When is a dog’s life not a dogs life?

The term “it’s a dog’s life” is often used to describe how easy something is, because the perception is that all dogs need to do is eat and sleep, get cuddles and go for walks (with the assumption that those walks are enjoyed). Knowing what I know about dog psychology thanks to the excellent teachings of Jan Fennell I know that for the vast majority of dogs, a dogs life is far from easy! Dog have to worry about a huge number of things, which can cause them stress, including:

  • Regular break-in attempts (postman)
  • Intruders (your invited guests)
  • Their babies frequently going missing (when you go out to work)
  • Trying to get their babies to come back (toiletting indoors, or barking while you are out)
  • Their babies returning from being missing
  • Boundary wars (neighbours’ dogs)
  • Being in ‘no man’s land’ (going for a walk)
  • Protecting from 100s of dangers (cars, vans, buses, people, paper bags blowing down the street, beards)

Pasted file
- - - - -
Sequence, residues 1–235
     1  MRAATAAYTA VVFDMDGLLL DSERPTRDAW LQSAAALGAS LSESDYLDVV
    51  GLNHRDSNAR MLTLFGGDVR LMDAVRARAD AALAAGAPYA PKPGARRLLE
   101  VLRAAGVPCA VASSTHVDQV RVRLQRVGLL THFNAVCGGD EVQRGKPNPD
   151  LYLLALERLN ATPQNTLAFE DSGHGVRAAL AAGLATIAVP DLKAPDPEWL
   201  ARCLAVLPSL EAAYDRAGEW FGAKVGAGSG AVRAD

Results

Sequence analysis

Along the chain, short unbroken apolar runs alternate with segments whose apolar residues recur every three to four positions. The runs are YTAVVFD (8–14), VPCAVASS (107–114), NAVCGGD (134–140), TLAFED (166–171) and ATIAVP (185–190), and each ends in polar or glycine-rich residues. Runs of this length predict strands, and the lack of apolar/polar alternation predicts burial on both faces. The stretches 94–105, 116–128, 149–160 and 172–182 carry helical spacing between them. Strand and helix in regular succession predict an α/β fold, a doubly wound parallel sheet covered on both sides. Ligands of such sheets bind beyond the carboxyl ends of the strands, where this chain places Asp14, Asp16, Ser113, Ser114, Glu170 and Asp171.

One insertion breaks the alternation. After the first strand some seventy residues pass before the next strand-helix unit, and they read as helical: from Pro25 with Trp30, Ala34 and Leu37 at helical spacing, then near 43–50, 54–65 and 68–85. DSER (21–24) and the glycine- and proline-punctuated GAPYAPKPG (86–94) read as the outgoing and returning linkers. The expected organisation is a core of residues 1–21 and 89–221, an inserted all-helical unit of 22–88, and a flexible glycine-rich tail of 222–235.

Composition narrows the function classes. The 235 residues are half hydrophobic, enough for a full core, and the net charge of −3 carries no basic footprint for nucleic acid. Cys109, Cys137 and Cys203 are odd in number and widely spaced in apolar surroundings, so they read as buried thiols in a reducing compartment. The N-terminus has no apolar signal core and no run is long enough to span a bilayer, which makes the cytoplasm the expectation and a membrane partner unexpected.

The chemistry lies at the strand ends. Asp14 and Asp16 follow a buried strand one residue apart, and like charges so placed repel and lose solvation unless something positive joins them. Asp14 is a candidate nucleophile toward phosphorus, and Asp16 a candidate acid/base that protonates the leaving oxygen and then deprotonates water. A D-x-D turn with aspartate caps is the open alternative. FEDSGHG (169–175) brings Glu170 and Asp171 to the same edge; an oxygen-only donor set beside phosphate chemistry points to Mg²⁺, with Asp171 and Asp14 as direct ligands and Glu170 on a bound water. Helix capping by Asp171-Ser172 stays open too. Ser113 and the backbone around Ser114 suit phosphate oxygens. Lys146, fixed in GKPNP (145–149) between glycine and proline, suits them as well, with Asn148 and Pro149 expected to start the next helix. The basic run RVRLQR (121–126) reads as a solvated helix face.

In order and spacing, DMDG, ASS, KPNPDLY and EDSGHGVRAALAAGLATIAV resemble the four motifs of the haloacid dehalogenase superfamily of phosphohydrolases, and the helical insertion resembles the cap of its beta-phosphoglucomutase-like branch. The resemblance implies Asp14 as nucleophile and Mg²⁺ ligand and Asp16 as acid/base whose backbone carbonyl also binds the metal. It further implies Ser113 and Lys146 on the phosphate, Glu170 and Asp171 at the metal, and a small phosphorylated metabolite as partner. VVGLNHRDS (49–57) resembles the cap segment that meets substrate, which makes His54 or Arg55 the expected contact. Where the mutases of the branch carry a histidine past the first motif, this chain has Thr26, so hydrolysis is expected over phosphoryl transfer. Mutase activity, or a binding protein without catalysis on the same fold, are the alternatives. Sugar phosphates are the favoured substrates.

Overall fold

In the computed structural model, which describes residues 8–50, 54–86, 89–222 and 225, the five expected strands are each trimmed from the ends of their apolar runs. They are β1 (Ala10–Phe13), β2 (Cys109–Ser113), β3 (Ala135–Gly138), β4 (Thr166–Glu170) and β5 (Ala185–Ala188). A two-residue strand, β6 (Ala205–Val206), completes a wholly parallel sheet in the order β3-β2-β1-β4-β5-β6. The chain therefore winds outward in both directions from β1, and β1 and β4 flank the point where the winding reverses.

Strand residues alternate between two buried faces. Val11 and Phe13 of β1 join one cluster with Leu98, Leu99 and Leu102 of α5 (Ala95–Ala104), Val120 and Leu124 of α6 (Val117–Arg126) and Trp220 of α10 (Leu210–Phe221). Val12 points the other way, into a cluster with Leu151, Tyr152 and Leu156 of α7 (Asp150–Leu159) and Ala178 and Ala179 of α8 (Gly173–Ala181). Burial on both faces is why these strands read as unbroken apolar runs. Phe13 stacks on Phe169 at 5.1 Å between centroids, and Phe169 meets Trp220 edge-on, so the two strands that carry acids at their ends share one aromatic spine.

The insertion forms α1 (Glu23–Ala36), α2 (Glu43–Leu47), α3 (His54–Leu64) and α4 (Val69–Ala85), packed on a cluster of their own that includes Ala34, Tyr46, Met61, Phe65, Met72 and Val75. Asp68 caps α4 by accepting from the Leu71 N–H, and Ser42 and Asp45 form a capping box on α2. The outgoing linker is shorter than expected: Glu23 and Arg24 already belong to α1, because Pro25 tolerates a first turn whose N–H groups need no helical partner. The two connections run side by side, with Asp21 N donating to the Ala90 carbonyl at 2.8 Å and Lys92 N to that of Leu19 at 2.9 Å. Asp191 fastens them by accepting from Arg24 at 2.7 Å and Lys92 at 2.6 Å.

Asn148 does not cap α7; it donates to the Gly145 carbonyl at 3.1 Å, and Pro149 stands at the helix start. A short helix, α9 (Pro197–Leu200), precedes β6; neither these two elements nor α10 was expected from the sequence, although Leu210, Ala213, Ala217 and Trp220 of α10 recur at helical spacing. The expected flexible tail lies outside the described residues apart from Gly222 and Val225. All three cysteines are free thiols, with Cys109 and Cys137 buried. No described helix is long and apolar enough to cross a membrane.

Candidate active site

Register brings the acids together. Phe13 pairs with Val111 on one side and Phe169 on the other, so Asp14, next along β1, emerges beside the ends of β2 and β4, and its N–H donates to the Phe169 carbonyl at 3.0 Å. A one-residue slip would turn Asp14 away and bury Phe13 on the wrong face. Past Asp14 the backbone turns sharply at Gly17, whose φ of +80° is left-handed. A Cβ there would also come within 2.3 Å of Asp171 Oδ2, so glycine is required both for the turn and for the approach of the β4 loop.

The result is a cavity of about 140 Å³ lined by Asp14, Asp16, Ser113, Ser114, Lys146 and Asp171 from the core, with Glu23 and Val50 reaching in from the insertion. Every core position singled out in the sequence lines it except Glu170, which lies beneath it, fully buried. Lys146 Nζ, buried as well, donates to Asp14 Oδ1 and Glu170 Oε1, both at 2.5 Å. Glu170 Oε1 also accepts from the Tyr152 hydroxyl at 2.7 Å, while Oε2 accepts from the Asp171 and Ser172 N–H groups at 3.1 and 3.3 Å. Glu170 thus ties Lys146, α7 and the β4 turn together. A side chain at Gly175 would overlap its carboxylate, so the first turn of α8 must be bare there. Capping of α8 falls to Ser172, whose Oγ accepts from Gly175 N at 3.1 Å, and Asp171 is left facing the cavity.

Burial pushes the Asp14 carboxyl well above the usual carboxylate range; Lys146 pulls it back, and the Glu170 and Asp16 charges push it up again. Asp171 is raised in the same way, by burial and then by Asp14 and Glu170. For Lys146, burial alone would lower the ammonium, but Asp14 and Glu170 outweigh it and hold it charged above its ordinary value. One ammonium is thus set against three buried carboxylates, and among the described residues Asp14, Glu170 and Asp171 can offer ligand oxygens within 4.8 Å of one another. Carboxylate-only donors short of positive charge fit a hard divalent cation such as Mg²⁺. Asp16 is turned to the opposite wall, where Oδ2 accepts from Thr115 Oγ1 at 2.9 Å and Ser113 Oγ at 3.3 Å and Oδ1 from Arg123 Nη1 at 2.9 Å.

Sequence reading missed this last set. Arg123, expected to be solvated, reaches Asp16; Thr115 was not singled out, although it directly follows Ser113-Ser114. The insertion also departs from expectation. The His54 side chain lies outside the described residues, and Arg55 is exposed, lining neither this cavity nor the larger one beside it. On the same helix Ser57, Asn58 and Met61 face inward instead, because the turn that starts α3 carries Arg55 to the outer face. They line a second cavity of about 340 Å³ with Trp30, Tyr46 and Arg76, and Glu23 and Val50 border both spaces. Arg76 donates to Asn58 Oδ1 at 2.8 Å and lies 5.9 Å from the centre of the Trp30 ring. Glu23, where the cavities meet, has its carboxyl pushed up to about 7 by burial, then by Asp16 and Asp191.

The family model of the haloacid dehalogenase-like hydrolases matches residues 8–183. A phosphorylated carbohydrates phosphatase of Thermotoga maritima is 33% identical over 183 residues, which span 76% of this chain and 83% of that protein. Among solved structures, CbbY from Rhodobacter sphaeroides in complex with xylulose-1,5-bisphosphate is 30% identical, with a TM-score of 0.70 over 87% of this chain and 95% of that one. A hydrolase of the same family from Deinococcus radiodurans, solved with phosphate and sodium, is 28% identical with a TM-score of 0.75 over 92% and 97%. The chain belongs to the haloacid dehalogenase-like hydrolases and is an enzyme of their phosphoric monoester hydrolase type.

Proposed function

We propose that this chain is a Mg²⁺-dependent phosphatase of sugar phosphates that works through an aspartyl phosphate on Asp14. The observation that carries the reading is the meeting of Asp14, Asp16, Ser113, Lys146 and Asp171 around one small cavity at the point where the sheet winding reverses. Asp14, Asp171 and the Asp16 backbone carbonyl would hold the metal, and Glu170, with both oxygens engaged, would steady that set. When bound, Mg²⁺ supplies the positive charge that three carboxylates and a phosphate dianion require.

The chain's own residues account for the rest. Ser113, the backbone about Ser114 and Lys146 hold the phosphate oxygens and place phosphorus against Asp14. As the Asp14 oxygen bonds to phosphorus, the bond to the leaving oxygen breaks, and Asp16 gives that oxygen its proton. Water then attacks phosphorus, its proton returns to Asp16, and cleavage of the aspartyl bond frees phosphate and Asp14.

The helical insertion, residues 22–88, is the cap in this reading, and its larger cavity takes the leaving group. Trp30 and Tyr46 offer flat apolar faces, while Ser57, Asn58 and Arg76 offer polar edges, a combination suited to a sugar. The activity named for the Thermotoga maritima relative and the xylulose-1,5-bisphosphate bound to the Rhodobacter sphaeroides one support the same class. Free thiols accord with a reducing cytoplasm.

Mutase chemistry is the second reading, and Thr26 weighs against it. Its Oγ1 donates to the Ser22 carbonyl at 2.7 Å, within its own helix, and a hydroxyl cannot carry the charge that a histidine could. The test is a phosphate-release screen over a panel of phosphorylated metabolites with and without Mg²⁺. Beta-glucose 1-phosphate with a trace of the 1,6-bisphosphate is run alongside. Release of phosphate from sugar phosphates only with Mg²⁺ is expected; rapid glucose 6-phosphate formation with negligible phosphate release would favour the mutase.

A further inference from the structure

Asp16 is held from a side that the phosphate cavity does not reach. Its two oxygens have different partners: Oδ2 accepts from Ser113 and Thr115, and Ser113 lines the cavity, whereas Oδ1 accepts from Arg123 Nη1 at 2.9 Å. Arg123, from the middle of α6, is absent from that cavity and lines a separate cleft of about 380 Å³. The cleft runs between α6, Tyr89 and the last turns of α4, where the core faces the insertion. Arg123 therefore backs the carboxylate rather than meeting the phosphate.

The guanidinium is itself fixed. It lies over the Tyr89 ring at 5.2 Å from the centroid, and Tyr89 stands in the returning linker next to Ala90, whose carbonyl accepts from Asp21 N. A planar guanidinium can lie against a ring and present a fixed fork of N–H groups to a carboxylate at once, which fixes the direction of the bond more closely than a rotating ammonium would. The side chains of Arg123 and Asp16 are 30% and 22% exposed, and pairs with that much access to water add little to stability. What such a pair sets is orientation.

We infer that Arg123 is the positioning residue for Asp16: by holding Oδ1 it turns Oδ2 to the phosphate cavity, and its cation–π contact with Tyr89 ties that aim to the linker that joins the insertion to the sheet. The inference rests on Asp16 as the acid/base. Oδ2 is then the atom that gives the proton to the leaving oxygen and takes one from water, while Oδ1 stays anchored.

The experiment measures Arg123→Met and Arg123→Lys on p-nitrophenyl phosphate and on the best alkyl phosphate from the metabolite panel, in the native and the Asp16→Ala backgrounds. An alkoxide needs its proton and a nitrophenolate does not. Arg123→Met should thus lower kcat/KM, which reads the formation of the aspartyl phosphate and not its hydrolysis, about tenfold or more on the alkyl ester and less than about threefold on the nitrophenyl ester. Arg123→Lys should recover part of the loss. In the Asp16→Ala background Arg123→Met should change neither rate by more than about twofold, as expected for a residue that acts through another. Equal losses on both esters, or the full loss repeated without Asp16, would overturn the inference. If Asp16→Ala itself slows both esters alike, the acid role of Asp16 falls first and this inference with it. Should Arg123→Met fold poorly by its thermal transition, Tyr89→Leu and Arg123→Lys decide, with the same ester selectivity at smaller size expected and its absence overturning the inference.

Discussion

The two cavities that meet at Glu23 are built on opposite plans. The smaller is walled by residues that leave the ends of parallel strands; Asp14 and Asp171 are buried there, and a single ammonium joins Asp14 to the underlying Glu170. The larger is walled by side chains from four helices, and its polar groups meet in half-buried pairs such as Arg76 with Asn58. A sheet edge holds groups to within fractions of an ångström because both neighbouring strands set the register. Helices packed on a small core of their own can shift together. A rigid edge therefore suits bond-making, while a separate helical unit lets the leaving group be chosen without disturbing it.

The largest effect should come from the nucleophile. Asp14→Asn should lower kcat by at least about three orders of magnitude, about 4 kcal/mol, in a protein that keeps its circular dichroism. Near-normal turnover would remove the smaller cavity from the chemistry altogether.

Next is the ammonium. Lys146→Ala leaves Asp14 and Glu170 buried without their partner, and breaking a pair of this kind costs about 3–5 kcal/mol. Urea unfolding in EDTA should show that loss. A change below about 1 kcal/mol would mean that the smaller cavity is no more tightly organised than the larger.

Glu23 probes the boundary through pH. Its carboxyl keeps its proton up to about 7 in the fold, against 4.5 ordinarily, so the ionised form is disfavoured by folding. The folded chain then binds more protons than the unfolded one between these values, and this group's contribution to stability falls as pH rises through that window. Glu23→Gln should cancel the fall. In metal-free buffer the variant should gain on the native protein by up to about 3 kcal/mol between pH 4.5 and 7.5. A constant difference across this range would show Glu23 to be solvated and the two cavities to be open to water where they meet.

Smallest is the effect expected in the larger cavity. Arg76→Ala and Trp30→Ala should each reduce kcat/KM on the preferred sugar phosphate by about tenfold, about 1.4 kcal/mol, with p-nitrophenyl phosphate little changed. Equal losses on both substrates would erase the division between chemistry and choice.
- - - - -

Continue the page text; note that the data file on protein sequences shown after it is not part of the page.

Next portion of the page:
• Having to keep everyone entertained (hyperactive behaviour)
  • Being in charge of the hunt, and always unsuccessfully so (going for walks)
  • Maintaining their place in the hierarchy (attention seeking behaviour, jumping up, humping etc)

I help dog owners get their dogs to the point where their lives do feel easy, by showing them leadership signals that they understand, so that they know we are looking after them. They don’t have to protect us from any dangers, keep us in check, worry about us when we go out etc. All they need to do is eat and sleep and come for cuddles and interaction when we ask them to, as their leader, so they know that it must be for their benefit.

A client I went to see 4 days ago just called to ask a quick question, and when I asked how she was getting on in general she said “It’s fantastic, I have calm dogs, I’m baffled how something so simple can make such a difference so quickly” – her dogs have seen the leadership signals and decided that they are happy to pass over responsibility, now they really can live a dog’s life. For more information about the sorts of behaviour problems that might exist if your dog isn’t living a dogs life, visit my home page by clicking here.

P.S. I am aware of the occasional incorrect grammar, I’ve had to do it this way to help get the blog found!

 

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